The Latest Wrinkles on State Energy Policy…

Dominion has cleared an important environmental hurdle in its request for regulatory approval to build a new nuclear power plant, the Associated Press reports. Federal regulators will make a decision whether to grant a permit in late 2007. Dominion hasn’t decided whether it wants to build the plant, but it wants to keep its options open.

Meanwhile, Dominion needs 300 megawatts more power to serve fast-growing Northern Virginia, reports Greg Edwards with the Richmond Times-Dispatch.

The company has made plans for a power plant to serve that area during peak demand. … First, though, Dominion Virginia Power wants to see if there is a better and cheaper way to meet its needs.

The company has put out a request for bids to see if someone else can offer a better plan for providing the electricity. Or, as an alternative, it will accept proposals for managing electricity demand in Northern Virginia so that a new plant would become

I appreciate the fact that Dominion is soliciting proposals rather than presuming that it can do the job better than anyone else. It would be nice, though, it the company would consider other options such as, oh, I don’t know… conservation! A more aggressive time-of-day pricing plan might eliminate the need to build a new power plant entirely.

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3 responses to “The Latest Wrinkles on State Energy Policy…”

  1. Larry Gross Avatar
    Larry Gross

    I’m confused.

    “The company … as an alternative, it will accept proposals for managing electricity demand in Northern Virginia so that a new plant would become unnecessary.”

    Well Dominion “requests solicitations” … PG&E takes the bulls by the horn…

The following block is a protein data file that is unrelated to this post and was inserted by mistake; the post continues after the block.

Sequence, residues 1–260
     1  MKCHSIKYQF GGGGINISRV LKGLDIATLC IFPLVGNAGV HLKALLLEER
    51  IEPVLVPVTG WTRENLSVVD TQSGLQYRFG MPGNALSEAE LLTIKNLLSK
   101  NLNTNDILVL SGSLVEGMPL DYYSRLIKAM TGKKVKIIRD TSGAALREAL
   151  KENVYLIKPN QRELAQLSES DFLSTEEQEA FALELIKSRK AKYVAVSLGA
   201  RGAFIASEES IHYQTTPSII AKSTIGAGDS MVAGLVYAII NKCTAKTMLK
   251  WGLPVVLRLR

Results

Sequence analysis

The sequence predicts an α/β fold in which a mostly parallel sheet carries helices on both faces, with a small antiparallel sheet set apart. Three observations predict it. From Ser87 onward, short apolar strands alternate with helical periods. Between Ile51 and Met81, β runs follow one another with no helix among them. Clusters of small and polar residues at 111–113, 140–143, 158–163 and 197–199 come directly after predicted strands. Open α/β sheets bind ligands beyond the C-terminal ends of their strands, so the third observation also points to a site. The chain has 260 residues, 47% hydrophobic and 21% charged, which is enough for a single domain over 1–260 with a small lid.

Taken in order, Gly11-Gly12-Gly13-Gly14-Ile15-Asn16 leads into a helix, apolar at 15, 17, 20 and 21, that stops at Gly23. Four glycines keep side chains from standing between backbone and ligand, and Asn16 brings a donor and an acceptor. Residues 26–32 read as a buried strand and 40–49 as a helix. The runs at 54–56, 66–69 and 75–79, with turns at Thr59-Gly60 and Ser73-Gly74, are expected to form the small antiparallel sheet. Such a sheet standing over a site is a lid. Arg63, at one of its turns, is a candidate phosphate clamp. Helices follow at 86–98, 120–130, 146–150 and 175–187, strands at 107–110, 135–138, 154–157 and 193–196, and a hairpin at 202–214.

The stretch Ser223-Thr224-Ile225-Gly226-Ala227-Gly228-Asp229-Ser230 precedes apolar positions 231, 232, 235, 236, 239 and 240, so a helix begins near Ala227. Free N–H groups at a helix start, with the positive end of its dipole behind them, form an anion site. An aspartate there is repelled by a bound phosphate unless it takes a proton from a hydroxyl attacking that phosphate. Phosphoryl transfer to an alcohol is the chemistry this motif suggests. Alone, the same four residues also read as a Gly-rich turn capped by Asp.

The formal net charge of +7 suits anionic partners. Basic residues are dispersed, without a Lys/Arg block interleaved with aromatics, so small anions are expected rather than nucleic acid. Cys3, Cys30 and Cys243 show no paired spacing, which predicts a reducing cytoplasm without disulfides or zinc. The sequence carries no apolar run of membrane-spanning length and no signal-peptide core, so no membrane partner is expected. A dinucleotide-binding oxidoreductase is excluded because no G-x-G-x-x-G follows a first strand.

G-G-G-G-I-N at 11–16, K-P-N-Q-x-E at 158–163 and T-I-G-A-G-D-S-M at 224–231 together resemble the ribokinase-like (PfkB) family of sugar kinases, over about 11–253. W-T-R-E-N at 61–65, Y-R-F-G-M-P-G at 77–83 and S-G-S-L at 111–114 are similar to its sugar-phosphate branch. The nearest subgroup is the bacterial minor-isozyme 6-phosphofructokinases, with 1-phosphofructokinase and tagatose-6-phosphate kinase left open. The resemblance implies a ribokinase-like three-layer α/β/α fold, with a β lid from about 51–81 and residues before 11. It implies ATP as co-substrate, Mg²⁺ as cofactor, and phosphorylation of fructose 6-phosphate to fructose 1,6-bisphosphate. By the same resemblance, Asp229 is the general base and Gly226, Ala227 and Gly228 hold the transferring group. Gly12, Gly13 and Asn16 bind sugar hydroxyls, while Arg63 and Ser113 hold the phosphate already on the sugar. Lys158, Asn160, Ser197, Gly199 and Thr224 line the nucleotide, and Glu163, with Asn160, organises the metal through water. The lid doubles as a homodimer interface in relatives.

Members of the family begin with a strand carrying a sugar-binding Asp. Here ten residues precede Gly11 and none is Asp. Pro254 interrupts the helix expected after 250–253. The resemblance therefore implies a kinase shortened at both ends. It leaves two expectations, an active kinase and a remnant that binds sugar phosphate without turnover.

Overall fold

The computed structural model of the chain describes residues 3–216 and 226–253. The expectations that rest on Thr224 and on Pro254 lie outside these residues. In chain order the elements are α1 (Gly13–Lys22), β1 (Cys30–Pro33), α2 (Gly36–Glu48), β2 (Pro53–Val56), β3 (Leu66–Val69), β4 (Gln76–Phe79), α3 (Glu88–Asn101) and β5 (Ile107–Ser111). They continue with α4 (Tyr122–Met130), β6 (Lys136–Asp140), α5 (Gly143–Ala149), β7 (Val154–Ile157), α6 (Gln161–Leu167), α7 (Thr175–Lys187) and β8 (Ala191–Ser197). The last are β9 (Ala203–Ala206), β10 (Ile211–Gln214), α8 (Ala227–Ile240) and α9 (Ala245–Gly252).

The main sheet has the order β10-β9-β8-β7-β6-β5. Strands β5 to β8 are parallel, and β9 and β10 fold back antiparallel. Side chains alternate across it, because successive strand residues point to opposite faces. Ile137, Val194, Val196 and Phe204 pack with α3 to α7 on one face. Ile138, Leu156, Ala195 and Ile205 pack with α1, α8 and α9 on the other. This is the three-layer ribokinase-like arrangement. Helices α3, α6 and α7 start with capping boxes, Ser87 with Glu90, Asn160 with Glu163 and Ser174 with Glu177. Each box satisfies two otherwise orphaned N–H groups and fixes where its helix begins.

PG&E Launches SmartMeter(TM) Program in Bakersfield Today

    First of 10.3 Million SmartMeter(TM) Meters Installed in Program Offering Faster Power Outage Restoration, Peak Load Reduction, More Customer Options to Save on Energy Bills

    SAN FRANCISCO, Nov. 16 /PRNewswire-FirstCall/ — At a customer’s home in Bakersfield this morning, leaders from PG&E and the California Public Utilities Commission celebrated the installation of Pacific Gas and Electric Company’s first SmartMeter(TM) electric and gas meters, kicking off a five- year program to deploy 10.3 million new meters throughout the utility’s service area. The SmartMeter(TM) program will eventually offer a wide range of customer service benefits while reducing utility costs and giving customers more options to save on energy bills.

    this would seem to be an opportunity for Dominion to begin a NoVa pilot project…. it could save them a new power plant .. AND having to run more power lines…

  2. When Dominion customers are paying as much as PG&E customers, then they will be lining up to get smartmeters installed.

    Of course,oneo of the reasons PG&E customers pay so much is because of CAlifornia’s whacky conservation laws.

    Mind you , I have nothing against conservation, I’d be more than happy to see most exterior lighting extinguished in favor of dark skys. But there is a big difference between conservation and doing without that which is dearly needed.

  3. Jim Patrick Avatar
    Jim Patrick

    You all need to look at numbers; ‘feelings’ about quantities (megawatts of electricity) will not forestall rolling blackouts.

    By both NERC and Dominion’s calculations —reviewed by the SCC— show a 12% shortfall in the next 5 years. This cannot be overcome by conserving electricity.

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